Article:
Every social entrepreneur we encounter faces the same major challenge: funding. But that’s all about to change following the new rules passed by the Securities and Exchange Commission (SEC) effective on May 16th. The SEC is now giving average Americans (with no net worth or income requirements) the power to make equity investments through crowdfunding. So what does this mean for social enterprises organized as for profit organizations? They will be able to obtain equity investments from individuals that are passionate about their mission. Organizations can raise up to $1 million every 12 months which could fast track expansion and expand social reach.
We’ve all heard of crowdfunding platforms such as Kickstarter and Indiegogo where supporters can donate money to a company’s campaign, but what benefit does that serve the individual? A thank you email, a tshirt, and, if you’re lucky, a few company updates. Now those donors can have a more formal role in the company- investor. Who better invest in your company than the customers and fans you already serve?
This idea isn’t new; in fact other parts of the world (Australia, the UK, and Canada) have been doing impact equity crowdfunding for years. The UK’s early adoption of the equity crowdfunding model gives investors who want to be involved with companies that have a social mission a way to do so. The various crowdfunding platforms allow investments through transferable debt which can be sold on crowdfunding portal websites. For socially beneficial companies/projects, investments can be made through repayable loans when equity is not applicable. UK native Karen Darby has launched her own crowdfunding site, CrowdMission, which is aimed at fundraising social, environmental, and health focused startups. While announcing the launch of her new impact equity crowdfunding platform, Darby said” “we believe there’s not only a new breed of social entrepreneurs emerging, but there’s a new breed of investor- ordinary people who want to back good businesses.”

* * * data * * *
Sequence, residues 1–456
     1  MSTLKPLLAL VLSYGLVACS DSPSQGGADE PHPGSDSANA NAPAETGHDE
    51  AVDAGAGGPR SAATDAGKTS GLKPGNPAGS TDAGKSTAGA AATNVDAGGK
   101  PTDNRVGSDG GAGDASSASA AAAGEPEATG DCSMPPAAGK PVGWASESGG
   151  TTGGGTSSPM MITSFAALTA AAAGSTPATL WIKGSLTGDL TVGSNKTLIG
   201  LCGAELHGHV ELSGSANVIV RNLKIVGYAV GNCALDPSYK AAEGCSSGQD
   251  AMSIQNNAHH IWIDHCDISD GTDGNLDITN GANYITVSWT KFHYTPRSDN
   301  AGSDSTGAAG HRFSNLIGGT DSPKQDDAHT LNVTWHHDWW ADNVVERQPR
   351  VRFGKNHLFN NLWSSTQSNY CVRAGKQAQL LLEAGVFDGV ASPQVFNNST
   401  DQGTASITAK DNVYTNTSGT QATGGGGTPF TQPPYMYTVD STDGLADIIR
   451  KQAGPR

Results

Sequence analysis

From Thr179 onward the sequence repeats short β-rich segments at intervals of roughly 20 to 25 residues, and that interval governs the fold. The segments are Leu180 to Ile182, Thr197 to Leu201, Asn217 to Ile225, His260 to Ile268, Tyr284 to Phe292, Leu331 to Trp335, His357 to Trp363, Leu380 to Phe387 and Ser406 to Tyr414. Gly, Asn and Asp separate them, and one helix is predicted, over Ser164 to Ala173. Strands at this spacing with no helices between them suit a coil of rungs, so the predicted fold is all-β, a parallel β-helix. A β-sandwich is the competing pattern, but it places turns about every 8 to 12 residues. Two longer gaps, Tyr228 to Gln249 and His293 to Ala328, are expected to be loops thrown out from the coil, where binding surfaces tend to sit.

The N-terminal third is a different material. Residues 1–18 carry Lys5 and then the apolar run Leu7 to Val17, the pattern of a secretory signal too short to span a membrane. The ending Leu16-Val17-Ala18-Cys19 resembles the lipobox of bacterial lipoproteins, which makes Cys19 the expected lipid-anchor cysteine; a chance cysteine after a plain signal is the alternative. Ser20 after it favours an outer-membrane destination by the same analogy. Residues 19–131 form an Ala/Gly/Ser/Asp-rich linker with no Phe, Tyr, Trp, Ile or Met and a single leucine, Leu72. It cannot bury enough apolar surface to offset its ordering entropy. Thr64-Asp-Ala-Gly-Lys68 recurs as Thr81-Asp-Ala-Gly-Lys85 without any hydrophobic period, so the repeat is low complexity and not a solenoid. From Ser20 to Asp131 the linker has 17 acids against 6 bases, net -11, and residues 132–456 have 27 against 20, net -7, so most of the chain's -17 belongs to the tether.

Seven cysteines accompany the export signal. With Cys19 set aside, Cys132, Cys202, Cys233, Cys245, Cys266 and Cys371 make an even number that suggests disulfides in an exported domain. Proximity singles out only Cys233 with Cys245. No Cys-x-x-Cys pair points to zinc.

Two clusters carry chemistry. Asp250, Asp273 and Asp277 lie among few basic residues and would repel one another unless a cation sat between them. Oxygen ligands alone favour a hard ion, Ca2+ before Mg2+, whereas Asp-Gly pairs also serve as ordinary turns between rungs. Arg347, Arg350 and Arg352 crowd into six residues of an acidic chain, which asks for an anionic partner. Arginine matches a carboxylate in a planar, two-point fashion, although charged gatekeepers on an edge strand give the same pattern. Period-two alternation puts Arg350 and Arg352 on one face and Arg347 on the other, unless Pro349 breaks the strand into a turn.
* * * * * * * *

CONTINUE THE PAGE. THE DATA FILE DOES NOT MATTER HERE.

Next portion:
The SEC’s new rules don’t come without risk, however, as Vincent Petrescu, CEO of crowdfunding portal TruCrowd, points out saying “nobody knows what company will go big and what will fail. Investing is always risky; the difference now is you can try your hand at $100, not $100,000”. While there’s a slim chance you or I could find and bankroll the next Uber, we can take this opportunity to show our support for social enterprises whose missions we stand behind and help them by becoming an investor.